Guest Post: Can Creativity Be Measured in a Laboratory?

Scientists are becoming more interested in trying to pinpoint precisely what’s going on inside our brains while we’re engaged in creative thinking. Which brain chemicals play a role? Which areas of the brain are firing? Is the magic of creativity linked to one specific brain structure? The answers are not entirely clear. But thanks to brain scan technology, some interesting discoveries are emerging. was founded and focused on the creative applications of science and technology in entertainment, media and advertising, fields traditionally defined by “right brain” propensity. It stands to reason, then, that we would be fascinated by the very technology and science that as attempting to deduce and quantify what, exactly, makes for creativity. To help us in this endeavor, we are pleased to welcome computer scientist and writer Ravi Singh’s guest post to For his complete article, please click “continue reading.”

Before you can measure something, you must be able to clearly define what it is. It’s not easy to find consensus among scientists on the definition of creativity. But then, it’s not easy to find consensus among artists, either, about what’s creative and what’s not. Psychologists have traditionally defined creativity as “the ability to combine novelty and usefulness in a particular social context.” But newer models argue that these type of definitions, which rely on extremely-subjective criteria like ‘novelty’ and ‘usefulness,’ are too vague. John Kounios, a psychologist at Drexel University who studies the neural basis of insight, defines creativity as “the ability to restructure one’s understanding of a situation in a non-obvious way.” His research shows that creativity is not a singular concept. Rather, it’s a collection of different processes that emerge from different areas of the brain.

In attempting to measure creativity, scientists have had a tendency to correlate creativity with intelligence—or at least link creativity to intelligence—probably because we believe that we have a handle on intelligence. We believe can measure it with some degree of accuracy and reliability. But not creativity. No consensus measure for creativity exists. Creativity is too complex to be measured through tidy, discrete questions. There is no standardized test. There is yet to be a meaningful “Creativity Quotient.” In fact, creativity defies standardization. In the creative realm, one could argue, there’s no place for “standards.” After all, doesn’t the very notion of standardization contradict what creativity is all about?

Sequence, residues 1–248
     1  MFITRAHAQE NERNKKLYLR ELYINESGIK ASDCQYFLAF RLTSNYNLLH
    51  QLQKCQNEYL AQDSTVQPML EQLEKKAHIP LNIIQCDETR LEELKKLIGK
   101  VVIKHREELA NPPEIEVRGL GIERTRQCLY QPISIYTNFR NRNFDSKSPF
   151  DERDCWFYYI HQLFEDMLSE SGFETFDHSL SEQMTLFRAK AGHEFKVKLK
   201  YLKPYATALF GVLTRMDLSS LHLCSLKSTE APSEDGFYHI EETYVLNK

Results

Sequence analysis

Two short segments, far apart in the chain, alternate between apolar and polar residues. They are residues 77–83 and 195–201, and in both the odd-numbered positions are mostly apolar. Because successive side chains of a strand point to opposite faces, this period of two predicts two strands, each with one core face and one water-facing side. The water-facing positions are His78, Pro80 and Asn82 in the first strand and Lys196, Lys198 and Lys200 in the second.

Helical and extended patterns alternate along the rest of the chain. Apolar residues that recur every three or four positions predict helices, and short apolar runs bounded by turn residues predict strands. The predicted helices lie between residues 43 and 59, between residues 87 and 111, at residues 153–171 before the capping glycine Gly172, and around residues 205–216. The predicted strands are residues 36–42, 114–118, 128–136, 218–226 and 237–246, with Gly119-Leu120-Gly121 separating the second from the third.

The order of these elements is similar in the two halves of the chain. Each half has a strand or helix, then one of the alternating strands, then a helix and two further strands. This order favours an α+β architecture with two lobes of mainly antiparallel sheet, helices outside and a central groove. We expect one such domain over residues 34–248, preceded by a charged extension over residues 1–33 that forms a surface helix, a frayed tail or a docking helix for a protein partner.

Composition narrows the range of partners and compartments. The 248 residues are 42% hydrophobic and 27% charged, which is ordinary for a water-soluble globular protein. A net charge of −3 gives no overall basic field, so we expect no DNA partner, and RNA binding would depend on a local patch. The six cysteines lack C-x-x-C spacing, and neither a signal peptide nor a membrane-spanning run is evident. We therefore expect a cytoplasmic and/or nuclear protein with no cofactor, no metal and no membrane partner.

To test creativity, researchers have historically attempted to test divergent thinking, an assessment construct originally developed in the 1950s by psychologist J. P. Guilford, who believed that standardized IQ tests favored convergent thinkers (who stay focused on solving a core problem), rather than divergent thinkers (who go ‘off on tangents’). Guilford believed that scores on IQ tests should not be taken as a unidimensional measure of intelligence. He observed that creative people often score lower on standard IQ tests because their approach to solving the problems generates a larger number of possible solutions, some of which are thoroughly original. The test’s designers would have never thought of those possibilities. Testing divergent thinking, he believed, allowed for greater appreciation of the diversity of human thinking and abilities. A test of divergent thinking might ask the subject to come up with new and useful functions for a familiar object, such as a brick or a pencil. Or the subject might be asked to draw the taste of chocolate. You can see how it would be very difficult, if not impossible to standardize a “correct” answer.